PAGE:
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G Rex Hardcover – September 1, 2000

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Press Here
Press Here
Press the yellow dot on the cover of this book, follow the instructions within, and embark upon a magical journey. Each page instructs the reader to press the dots, shake the pages, tilt the book, and who knows what will happen next. Hardcover | More for ages 3-5
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Editorial Reviews

From Publishers Weekly

Eager to escape the bullying inflicted upon him by his older brother, a boy develops a large and scaly alter ego in this drab picture-book fantasy. Gregory is tired of being stomped by big brother, Mark. As he imagines how the world will be when he grows bigger than Mark, Gregory transforms into a rude, carnivorous G-Rex that takes control of the household. Once his roaring and destructive behavior drives his parents and brother out of the house, G-Rex abruptly changes his mind. He decides it's no fun being alone, and he'd rather be plain old Gregory, part of the family. Pearson's (The Awful Aardvarks Go to School) energetic watercolor scenes of a boy morphing into a dinosaur, and the family pulling up to the Pot Roast Palace drive-thru window to satisfy G-Rex's cravings add a few humorous sparks, but not enough to elevate Daniel's (The Feet in the Gym) meandering and leaden story. Closing passages depict the older boy's change of heart, but both boys' about-face seems unmotivated, and the resolution feels pat and unrealistic. Ages 5-9. (Sept.)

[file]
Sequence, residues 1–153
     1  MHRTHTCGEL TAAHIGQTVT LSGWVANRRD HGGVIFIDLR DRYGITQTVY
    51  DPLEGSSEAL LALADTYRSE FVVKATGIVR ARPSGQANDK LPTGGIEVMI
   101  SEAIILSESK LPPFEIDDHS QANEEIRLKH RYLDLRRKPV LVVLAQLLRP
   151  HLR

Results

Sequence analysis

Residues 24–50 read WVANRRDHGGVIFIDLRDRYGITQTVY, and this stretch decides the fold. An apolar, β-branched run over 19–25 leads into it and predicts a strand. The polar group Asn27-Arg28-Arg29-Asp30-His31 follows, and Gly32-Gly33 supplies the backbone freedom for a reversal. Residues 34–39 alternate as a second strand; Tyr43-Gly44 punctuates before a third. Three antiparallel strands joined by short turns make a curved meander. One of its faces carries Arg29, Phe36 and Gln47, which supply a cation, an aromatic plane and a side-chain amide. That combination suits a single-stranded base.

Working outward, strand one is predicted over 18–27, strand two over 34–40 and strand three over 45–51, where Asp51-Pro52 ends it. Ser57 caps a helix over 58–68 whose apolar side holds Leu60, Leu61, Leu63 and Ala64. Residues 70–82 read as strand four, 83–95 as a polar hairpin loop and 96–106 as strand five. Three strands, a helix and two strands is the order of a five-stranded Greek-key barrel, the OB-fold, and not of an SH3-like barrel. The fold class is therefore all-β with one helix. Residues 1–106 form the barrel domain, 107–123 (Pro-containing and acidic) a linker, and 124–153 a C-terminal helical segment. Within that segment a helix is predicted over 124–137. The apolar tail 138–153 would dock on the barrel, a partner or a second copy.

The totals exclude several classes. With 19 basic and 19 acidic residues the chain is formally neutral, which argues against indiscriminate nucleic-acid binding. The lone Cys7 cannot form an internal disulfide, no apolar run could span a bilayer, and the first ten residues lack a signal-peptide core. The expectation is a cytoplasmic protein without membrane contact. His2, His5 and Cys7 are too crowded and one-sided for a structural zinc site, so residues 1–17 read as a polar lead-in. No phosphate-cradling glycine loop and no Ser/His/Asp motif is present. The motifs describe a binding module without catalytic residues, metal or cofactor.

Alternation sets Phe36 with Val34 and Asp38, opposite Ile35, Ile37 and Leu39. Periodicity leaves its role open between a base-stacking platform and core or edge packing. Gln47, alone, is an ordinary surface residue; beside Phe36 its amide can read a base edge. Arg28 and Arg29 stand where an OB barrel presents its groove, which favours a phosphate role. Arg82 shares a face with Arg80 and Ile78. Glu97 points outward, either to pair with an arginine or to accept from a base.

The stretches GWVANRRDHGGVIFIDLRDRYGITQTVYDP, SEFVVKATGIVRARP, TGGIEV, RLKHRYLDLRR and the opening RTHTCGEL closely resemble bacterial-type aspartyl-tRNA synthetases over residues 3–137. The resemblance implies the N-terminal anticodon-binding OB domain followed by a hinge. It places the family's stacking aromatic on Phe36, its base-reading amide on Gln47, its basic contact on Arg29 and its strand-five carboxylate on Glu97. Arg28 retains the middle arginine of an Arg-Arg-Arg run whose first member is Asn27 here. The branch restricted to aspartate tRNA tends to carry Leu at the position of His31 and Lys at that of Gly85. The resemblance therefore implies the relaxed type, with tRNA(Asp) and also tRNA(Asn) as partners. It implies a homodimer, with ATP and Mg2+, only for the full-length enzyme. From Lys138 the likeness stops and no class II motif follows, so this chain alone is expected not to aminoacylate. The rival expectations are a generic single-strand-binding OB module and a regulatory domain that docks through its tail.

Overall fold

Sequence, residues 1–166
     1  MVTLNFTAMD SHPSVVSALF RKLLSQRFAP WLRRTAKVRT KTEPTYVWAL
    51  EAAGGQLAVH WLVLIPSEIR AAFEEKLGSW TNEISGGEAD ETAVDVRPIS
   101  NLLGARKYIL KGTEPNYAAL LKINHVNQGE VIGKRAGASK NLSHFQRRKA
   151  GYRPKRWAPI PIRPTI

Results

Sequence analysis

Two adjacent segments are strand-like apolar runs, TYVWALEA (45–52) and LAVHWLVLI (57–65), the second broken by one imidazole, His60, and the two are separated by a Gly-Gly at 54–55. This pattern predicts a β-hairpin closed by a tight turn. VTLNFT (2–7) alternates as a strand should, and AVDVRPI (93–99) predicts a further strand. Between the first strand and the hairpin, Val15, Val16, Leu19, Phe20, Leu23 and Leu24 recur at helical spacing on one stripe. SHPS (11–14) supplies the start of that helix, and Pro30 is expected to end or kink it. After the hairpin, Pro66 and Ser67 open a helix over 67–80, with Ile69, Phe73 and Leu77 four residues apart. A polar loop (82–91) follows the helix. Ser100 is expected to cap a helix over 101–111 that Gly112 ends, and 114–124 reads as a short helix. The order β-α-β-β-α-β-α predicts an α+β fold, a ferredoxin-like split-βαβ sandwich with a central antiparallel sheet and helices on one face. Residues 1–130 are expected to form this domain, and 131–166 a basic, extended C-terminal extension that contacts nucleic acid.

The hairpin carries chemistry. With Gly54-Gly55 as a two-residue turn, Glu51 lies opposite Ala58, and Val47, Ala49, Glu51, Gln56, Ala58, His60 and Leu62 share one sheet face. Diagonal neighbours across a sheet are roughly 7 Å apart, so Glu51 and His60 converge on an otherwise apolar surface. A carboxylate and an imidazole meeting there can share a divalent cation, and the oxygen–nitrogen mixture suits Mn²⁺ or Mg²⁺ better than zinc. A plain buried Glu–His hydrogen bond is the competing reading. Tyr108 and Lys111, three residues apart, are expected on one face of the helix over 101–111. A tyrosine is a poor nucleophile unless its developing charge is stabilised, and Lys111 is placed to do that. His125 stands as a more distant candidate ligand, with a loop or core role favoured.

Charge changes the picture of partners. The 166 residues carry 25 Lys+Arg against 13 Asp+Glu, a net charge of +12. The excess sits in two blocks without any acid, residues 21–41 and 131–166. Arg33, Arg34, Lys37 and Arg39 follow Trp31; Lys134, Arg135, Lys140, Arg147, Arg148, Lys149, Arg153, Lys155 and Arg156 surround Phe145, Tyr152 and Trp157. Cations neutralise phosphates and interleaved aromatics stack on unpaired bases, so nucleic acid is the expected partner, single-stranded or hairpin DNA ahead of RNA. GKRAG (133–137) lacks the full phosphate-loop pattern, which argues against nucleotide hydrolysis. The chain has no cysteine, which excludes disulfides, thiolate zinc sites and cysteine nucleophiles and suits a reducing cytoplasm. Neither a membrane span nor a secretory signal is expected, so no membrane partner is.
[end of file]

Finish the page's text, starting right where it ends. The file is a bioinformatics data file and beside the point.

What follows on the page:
Copyright 2000 Reed Business Information, Inc.

From School Library Journal

Kindergarten-Grade 2-Fed up with his older brother always having the advantage, Gregory grows into a G-Rex that threatens to eat Mark unless he's given more meat. The family frantically runs all over town trying to satisfy their new monster. Back home, G-Rex demands the best bed and stays up as long as he wants. After a week of living with this beast, Mark and his parents move next door. When Gregory sees them enjoying themselves without him, he accidentally breaks Mark's best basketball trophy when he thumps his tail. A few dinosaur tears later, he becomes himself again and the boys begin a game of basketball. Pearson's zany artwork races across the pages with humorous details of chaotic family life, and readers will readily see that G-Rex's threat to eat his brother is part of the fun, not a cause for alarm. Though the story itself is unexceptional, the art is exciting and engaging. Tie-ins with emotions and dealing with older siblings are obvious, but children will love the power trip. A good companion to Patricia Polacco's My Rotten Redheaded Older Brother (S & S, 1994).
Debbie Whitbeck, West Ottawa Public Schools, Holland, MI
Copyright 2000 Reed Business Information, Inc.

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